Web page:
JP: Yeah, it’s the opportunity to leverage, consumer behaviour, establish consumer behaviour to your advantage. I mean, the fact is, we did a study, called the mobile zombie. It’s because, basically, that’s what we’ve become. We’re so connected to our phone. I mean, the first thing people do when they get up in the morning is check their phone. The last thing they do when they go to bed is check their phone. They check their phone every 3 to 4 minutes a day. A day. When they go to the bank, when they’re in the branch, they’re checking their phone on their account. They’re not—they’re not connecting with it in the —digital signs. They’re looking at their phone. And, so, there’s a real opportunity to disrupt that behavior and engage that consumer through digital signage, large-scale digital signage, through geo-fencing, things that connect to their phone. Those are the real opportunities that we see in the near future. Geo-fencing is strange. It just makes sense that if you walked in on an app, that you’d receive a message when you’re in the branch. You get it with, you know, Starbucks, you get it with TripAdvisor. You’re close to this restaurant, that restaurant. But it’s been—there’s been this huge reluctance by retailers and manufacturers to leverage geo-fencing, and I just scratch my head. I just—it is so obvious a tool.

Doug: Huge impact.

JP: Huge impact. I mean, in the petroleum business, there’s a company that, ah, did a test for an American petroleum, and they increased sales at their inner C-store by 30 percent through geo-fencing just by reminding the customer of an offer or just reminding them, “Hey, come in and have a coffee.”

Doug: Right.

JP: Because we’re so busy in our lifestyle, we have so much on our mind every day. We have, you know, it’s not just complexity of choice. It’s—I call it complexity of tasks. You know, you get up in the morning, you have 20 things to do, and heaven forbid if your kids go to soccer or hockey, and you got another 30 things to do. We don’t have time to think about anything else. And, so, being able to bring it as a service—and a valued service—a reminder about something you may have forgotten or something you may need. To me, that just makes sense.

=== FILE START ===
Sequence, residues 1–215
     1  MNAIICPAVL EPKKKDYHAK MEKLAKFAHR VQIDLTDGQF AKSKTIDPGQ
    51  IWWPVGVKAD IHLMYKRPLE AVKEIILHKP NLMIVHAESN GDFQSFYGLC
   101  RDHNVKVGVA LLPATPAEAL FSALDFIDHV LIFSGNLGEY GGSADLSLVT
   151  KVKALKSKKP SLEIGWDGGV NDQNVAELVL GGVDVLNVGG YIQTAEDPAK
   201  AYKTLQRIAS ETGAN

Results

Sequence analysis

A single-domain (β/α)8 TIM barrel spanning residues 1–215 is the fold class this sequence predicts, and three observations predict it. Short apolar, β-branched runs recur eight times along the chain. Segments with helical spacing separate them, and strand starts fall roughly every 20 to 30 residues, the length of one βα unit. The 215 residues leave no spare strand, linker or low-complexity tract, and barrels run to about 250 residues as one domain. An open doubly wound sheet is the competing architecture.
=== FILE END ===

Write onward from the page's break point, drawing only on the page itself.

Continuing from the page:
Doug: Yeah, yeah. Oh, I totally agree with that. Now, you talk about, you know, looking at geo-fencing and another thing sort of in the near-term. You know, we’re talking about this kind of in—in a relation to 25 year history that we’ve both been sort of on, and seeing things change. Where do you see things going further out, you know, in 25 years from now when you and I sit down and have this chat again? Where—you know, obviously, in our roles, and in our positions, it’s to be somewhat of a futurist, and to be able to look forward and say “Well, here’s some other crazy ideas.” Who knows if they’re going to come to pass from that? But you must have thoughts on that.

JP: Oh, yeah. So, I would say there are—there’s a couple of factors that are going to have a huge impact on our behaviour as consumers: how we buy, how we think of things. What is artificial intelligent? So, you know, the–cause and effect. Cause is: we have so much data, we don’t know what to do with it. Effect: introduce artificial intelligence that eliminates the human factor, that is able to do, through algorithms and learning processes, take that information and customize it to every individual, right? Because, today the consumer wants personalized service. They don’t want any mail that’s been sent to everyone; they want an email that talks specifically to their needs. Reminders and services and offers based on their buying patterns and their behaviours, and artificial intelligence is going to provide that in spades. It’s going to free up time. We’re talking about how it’s going to impact the auto industry—hugely impact the auto industry. They’re predicting that by 2025, half of the cars sold in the world will be self-driving cars, driven by artificial intelligence. And, so, you’re going to see that movement impacting everything we do. Absolutely. The way we buy, the way we shop, the way we enjoy life. So, to me, that’s a pivotal technology.